To help children learn more about our wildflowers, we have designed a set of cards with pictures and brief details of 48 British wildflowers. There are four pages of flower photos and four pages of information to go on the back of them. All you need to do is print the pages direct from the website, cut them into individual cards and laminate them. The cards are small enough to carry in their pocket or bag when they're out and about, and laminating them will make them ideal for use 'in the field'. There are full details on the Wildflower Identification Cards page.
Growing Wildflowers from KOK◊„«ÚAPP
Growing naturally in the UK usually means our native plants do nothing in the cold winter. New shoots start to grow or seeds start to germinate when the soil warms up in spring, and they shed their seeds in the autumn when it becomes too cold for our native insects to fly and pollinate them. When I tried to grow native wildflowers, I found that batches of seeds sown in summer, or autumn, or winter all germinated together in the spring, when those in the wild would naturally germinate. Sometimes, the seeds I sowed didn't germinate, but I found self-sown seedlings elsewhere. So the lesson, more than for any other type of seed, is wait for nature.
These days, most of the big seed suppliers sell at least a few types of wildflowers, including Poppy, Foxglove, Primrose and Cowslip. There are many specialist suppliers of wildflower seeds, who sell packets of individual species as well. Some suppliers are:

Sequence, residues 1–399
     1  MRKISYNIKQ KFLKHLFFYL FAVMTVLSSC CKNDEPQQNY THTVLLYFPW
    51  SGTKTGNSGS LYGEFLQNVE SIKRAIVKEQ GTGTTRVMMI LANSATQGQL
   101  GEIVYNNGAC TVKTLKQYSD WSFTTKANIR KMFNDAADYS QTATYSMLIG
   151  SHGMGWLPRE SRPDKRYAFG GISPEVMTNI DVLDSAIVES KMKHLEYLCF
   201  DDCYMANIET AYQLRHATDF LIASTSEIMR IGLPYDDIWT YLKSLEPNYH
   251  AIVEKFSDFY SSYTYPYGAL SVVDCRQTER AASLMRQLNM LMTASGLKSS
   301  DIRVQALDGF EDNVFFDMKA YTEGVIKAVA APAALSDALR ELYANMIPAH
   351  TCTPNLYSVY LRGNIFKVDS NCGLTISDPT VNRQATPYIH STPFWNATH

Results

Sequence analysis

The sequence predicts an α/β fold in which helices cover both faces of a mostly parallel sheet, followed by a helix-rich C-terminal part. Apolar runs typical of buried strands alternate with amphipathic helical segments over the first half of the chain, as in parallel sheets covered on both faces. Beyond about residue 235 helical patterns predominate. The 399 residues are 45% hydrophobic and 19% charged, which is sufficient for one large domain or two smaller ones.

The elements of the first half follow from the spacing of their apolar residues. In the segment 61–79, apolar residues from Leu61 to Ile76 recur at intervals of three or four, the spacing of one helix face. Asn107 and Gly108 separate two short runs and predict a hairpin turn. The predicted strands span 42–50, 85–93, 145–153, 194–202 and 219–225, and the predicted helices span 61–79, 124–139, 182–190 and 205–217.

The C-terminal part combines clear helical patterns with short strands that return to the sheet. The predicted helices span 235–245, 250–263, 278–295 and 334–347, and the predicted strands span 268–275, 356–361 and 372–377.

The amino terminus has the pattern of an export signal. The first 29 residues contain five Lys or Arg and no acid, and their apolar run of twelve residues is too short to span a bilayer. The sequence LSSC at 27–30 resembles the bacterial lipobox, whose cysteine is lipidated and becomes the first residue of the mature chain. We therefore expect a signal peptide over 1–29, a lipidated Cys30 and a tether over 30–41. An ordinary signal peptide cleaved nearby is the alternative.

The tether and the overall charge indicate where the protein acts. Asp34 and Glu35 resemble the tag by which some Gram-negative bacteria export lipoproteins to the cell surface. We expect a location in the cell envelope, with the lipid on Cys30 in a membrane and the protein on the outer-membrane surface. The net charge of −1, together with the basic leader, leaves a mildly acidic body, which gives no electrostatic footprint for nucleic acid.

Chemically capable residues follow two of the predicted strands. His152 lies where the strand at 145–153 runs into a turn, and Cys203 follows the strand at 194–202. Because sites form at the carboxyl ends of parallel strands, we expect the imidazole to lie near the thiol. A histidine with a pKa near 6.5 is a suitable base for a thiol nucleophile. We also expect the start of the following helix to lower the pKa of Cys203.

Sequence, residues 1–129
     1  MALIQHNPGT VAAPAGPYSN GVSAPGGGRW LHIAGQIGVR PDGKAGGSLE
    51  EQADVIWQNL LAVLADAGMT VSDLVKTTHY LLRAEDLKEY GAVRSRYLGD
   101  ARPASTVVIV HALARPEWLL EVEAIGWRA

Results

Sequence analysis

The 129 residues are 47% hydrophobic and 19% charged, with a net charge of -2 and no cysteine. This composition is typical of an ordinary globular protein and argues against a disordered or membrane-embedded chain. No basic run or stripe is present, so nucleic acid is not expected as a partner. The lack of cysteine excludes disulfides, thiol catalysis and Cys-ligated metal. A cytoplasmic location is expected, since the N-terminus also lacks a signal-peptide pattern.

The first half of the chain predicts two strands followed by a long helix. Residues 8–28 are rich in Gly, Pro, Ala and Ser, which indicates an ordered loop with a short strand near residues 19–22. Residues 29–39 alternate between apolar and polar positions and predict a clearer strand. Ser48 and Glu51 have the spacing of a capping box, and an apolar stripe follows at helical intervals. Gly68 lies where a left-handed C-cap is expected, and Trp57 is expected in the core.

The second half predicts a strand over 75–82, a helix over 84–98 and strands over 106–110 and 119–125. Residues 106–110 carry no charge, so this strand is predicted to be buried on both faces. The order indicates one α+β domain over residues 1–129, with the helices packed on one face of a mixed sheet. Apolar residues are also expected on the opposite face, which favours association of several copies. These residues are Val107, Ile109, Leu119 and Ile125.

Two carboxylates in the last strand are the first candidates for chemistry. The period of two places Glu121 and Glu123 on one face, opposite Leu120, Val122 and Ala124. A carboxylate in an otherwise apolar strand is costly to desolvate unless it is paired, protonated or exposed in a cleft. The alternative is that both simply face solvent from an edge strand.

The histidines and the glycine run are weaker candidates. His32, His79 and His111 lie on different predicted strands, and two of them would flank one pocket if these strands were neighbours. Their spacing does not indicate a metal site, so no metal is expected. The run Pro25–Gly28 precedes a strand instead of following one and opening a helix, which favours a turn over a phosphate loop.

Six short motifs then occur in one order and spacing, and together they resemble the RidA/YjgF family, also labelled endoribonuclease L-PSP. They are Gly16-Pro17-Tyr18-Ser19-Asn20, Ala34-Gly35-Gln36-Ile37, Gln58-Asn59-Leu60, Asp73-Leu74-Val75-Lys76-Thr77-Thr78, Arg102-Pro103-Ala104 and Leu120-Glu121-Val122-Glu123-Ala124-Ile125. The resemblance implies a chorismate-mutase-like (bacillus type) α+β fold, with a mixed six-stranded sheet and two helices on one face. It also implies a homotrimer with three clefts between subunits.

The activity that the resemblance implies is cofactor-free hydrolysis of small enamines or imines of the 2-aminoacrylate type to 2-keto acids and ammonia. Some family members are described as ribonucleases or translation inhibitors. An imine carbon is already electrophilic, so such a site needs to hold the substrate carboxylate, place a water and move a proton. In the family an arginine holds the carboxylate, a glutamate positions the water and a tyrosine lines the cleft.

- - KOK◊„«ÚAPPs of over 150 species of wildflower.
- - Mixtures for particular soils, in large or small quantities, plus dozens of individual species.
- - KOK◊„«ÚAPPs of over 150 wildflowers, plus mixtures in large or small quantities.
- - Packets of seed of individual species, mixtures for various soil types, and wildflower plug plants.
Wildflowers and the Law
Under the Wildlife and Countryside Act 1981, it is illegal to dig up any wildflowers anywhere in the UK. We can still pick a flower or collect a few seeds or take a small cutting of common wildflowers, but only if there are plenty of plants there. There are details of the law on the The Wild Flower Society website, and they also have a which complies with the law.
Plants as Medicines